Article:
Lyft tries to differentiate itself from Uber in its IPO pitch

Lyft files for IPO disclosing it lost $911 million last year

Lyft posted a net loss of $911 million on revenue of $2.2 billion for 2018 according to Friday’s filing

Lyft is growing quickly ahead of its initial public offering but continues to bleed money and may struggle to turn a profit as it tries to catch up to Uber in the booming ride-hailing market, according to a federal filing.

Its net loss in 2018 came to $911.3 million. Lyft had $517,690 in cash and equivalents at the end of a year ago, about half of what it had at the end of 2017. Lyft mentions it is a "visionary, founder-led company" and highlights its "Singular Focus on Transportation", a stark contrast to Uber, which has expanded its business to food delivery, freights and even on-demand staffing.

The company's IPO includes a dual-class stock structure, with one class of shareholders getting 20 votes per share and another getting just one vote per share.

In its S-1 filing, Lyft disclosed that the company recorded a net loss of $911 million in 2018, up by more than $200 million since 2016. After Lyft filed to go public Friday, we learned that like its competitor, ride-hailing executives also gave rides on its platform in the past two years.


Lyft co-founders Logan Green and John Zimmer, who founded the company in 2012, chimed in with their own "uplifting" comments in Friday's filing. Other drivers, depending on how many trips they have completed, can get cash rewards from $1,000 or $10,000 (for more than 20,000 rides), and choose to use the bonus to purchase shares through the company's directed share program.

The company said it's going after the $1.2 trillion that U.S. consumers spend on personal transportation every year.

On top of that, the airport took in $1.6 million in fees from Uber and Lyft previous year. In addition to ride-hailing, it offers shared auto, bike and scooter rides.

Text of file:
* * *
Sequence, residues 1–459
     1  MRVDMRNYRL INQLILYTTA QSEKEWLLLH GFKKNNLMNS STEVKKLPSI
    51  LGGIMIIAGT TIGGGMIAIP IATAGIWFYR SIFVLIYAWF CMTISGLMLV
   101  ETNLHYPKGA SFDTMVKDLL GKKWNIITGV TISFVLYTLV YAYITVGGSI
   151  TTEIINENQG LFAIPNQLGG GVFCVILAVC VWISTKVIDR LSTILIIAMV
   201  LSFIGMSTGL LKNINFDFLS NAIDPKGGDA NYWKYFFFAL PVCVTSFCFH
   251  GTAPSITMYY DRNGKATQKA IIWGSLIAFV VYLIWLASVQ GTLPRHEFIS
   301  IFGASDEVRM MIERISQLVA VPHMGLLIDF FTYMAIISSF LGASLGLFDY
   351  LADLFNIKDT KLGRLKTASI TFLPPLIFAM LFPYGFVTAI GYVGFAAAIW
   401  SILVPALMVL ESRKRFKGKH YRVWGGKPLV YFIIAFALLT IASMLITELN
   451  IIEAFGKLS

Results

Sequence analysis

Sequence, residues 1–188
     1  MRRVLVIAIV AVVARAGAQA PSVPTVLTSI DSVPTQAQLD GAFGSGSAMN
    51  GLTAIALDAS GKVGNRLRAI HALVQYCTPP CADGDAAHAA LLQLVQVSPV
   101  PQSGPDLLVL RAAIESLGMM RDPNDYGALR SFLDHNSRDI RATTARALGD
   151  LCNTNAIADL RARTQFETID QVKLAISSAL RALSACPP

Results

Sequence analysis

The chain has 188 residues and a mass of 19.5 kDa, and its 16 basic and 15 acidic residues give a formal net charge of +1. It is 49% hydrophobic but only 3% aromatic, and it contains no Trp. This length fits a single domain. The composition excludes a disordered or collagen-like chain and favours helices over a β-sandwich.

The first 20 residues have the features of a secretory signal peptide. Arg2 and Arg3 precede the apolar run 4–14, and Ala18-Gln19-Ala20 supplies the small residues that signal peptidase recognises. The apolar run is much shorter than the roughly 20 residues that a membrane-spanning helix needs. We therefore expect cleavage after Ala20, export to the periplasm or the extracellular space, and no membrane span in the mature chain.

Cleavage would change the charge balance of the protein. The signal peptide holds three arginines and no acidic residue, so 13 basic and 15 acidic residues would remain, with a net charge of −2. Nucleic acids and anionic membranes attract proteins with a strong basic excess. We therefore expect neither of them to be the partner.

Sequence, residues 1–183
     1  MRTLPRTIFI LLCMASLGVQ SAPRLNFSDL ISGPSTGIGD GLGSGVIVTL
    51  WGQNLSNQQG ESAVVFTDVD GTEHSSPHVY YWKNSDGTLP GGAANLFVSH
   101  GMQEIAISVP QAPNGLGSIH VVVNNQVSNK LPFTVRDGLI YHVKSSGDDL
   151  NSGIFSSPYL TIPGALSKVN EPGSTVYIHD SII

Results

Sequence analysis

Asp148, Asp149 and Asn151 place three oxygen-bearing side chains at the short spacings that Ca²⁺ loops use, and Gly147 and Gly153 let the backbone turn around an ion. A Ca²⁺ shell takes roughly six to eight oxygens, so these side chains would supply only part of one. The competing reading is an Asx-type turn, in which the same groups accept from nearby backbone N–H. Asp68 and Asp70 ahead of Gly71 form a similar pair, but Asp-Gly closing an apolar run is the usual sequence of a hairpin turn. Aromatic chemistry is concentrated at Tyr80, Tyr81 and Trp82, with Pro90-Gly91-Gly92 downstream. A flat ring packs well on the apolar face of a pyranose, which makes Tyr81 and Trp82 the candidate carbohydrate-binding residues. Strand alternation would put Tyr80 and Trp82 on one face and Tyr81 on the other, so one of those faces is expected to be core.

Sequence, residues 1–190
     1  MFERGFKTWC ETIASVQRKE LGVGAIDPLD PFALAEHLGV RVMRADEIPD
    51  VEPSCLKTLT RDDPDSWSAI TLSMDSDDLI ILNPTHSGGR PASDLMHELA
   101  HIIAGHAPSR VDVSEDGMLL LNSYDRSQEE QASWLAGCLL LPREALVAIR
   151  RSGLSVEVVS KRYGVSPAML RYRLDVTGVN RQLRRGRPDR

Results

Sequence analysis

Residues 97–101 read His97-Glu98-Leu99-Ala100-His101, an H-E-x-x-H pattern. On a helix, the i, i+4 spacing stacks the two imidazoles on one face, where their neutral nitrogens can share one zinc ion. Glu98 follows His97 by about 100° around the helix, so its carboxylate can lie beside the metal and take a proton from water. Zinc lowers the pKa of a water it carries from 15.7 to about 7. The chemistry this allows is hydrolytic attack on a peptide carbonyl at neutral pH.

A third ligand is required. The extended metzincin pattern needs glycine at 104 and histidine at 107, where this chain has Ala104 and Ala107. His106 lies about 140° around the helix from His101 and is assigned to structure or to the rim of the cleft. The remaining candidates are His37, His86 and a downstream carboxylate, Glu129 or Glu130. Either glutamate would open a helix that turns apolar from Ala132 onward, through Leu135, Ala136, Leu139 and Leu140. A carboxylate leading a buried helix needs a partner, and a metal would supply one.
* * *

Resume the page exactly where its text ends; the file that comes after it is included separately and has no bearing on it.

The next step is for Lyft managers to go on the road to woo investors, presenting details and fielding questions from potential buyers in hopes of drumming up interest.


"Lyft has clearly demonstrated progress along its pathway to profitability. but the key question is whether Lyft can accelerate its pathway to profitability", Kulkarni said. Smith added. "The longer the losses ... the less valuable the company will be".

Lyft also said it faces intense competition and could lose market share to competitors. Drivers who have served on the Driver Advisory Council, which provides driver feedback to the company, would also receive $1,000. Uber - as well as Waymo, General Motors and others - is working on self-driving vehicles, which they expect to enter the ride-hailing business.

In its early days, Lyft drivers decorated the grilles of their cars with pink moustaches to friendly vibe, and its drivers now display a logo in the windshield with a pink background.

Lyft is looking to raise as much as $100 million, and will be listed on the Nasdaq stock ticker as "LYFT", according to CNN.


Krisher reported from Detroit and Liedtke reported from San Francisco.

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